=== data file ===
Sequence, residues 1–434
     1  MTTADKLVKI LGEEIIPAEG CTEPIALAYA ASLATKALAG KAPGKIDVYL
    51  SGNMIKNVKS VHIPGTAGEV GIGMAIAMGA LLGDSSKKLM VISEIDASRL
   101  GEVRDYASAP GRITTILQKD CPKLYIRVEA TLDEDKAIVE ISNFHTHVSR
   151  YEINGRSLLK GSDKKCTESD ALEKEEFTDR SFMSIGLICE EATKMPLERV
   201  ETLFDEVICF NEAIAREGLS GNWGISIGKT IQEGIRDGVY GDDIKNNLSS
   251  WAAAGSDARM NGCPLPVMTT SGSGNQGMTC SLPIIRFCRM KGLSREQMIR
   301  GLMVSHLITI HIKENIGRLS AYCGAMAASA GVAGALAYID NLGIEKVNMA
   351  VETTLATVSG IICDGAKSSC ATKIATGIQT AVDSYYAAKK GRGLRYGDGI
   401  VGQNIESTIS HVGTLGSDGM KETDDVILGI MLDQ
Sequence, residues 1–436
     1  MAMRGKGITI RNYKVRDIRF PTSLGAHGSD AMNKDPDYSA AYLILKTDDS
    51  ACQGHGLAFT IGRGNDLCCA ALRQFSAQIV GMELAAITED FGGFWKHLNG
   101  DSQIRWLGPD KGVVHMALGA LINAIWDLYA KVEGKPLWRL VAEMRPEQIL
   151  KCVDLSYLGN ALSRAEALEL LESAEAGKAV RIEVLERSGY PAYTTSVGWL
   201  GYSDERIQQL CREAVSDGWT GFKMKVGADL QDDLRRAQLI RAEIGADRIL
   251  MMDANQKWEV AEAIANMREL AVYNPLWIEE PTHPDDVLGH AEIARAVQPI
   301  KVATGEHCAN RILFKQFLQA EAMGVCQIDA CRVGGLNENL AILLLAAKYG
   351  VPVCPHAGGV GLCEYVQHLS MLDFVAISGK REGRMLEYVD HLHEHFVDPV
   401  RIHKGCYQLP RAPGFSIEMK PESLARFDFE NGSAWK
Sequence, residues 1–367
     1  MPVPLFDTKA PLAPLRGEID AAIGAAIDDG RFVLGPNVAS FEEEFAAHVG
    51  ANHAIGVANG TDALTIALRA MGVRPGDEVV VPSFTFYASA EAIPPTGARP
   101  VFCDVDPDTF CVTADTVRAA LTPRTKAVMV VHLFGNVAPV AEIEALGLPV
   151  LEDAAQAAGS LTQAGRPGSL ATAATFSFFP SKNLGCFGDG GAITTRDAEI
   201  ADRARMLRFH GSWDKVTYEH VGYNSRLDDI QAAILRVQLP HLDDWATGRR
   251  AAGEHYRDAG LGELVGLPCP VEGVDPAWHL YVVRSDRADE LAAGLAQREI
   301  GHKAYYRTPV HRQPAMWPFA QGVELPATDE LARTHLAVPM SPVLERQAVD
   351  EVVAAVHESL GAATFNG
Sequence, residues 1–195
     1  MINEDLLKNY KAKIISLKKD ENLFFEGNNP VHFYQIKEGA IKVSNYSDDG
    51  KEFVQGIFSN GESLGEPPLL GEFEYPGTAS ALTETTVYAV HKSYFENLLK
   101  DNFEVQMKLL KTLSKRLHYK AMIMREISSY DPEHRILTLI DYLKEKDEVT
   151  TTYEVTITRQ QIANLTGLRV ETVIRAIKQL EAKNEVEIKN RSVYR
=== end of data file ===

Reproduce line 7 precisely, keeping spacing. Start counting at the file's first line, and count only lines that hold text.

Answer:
   251  WAAAGSDARM NGCPLPVMTT SGSGNQGMTC SLPIIRFCRM KGLSREQMIR